(The Center Square) – Despite Oklahoma seeing a decrease in rates of child abuse and neglect reports during the coronavirus pandemic, child advocates fear that reality reveals a much bleaker scene than meets the eye.
"There's been a significant drop in the reporting for child abuse, child neglect, especially here in the state of Oklahoma," Joe Dorman, chief executive officer of Oklahoma Institute for Child Advocacy, told The Center Square. "And we know that is a result of kids not being around those adults who would report these cases for investigation."
The number of criminal charges relating to child abuse fell 25% short of its projection from the spring of 2020, according to the Tulsa World.
Dorman said the school closures, as well as kids missing out on other activities such as church and youth sports, are also contributing to the decrease in the number of reports.
Professionals who would normally intervene in these situations have a much harder job when interaction is limited, Dr. Jane Silovsky, director of the Center on Child Abuse and Neglect at University of Oklahoma Health Sciences Center, told The Center Square.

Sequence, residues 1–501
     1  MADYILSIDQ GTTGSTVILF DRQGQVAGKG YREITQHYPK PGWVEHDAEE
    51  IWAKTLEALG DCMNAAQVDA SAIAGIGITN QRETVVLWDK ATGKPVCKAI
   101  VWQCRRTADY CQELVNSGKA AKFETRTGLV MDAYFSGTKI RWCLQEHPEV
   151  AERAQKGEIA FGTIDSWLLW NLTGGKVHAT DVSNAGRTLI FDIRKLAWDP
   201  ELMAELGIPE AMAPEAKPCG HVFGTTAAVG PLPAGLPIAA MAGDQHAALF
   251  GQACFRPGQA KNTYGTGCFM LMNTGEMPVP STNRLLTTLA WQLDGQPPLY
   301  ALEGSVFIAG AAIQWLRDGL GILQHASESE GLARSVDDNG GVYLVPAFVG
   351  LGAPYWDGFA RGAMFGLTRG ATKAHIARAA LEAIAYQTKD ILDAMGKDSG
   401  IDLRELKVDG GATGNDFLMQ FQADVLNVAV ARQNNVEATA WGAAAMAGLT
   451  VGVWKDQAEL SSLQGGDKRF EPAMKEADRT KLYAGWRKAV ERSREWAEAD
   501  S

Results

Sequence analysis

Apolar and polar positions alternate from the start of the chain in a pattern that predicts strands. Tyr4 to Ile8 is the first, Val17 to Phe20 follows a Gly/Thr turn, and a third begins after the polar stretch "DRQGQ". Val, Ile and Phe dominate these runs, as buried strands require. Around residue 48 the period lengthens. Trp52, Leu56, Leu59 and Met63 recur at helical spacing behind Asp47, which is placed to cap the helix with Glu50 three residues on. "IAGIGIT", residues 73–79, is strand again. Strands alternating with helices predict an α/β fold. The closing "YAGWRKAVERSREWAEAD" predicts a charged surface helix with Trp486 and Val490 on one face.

"They are then less able to connect families to supports that can prevent worsening of situations," Silovsky said. "Also, these professionals are not able to screen for suspected child abuse and neglect. The child abuse reports that have come through are much more severe. This does not mean that child abuse and neglect is not occurring, but rather it is not being recognized and reported."
Silovsky said several factors are included in the possibility of an increase in unreported abuse or neglect cases. Pressures on normally well-balanced parents due to the pandemic include things like having to choose between risking exposure by going to work or staying home and not bringing in income, having to be teacher and health care provider for the family while still working, not having support from school or the health care industry to raise special-needs children, and not having the proper technology to do work or school at home.
"Less reporting means there's more abuse going on as these kids are around abusers more hours in the day," Dorman said. "With tensions running high because of COVID-19, with loss of employment, with other factors, we know that's in turn increasing issues of abuse and neglect."
Silovsky said the state can help these vulnerable children by fostering the resilience and well-being of families.
"We support parents’ ability to provide for their family, treat them with respect, give healthy choices for entertainment, access to needed services (health, mental health), education and child care, social connectedness, stable affordable housing, healthy food options," she said.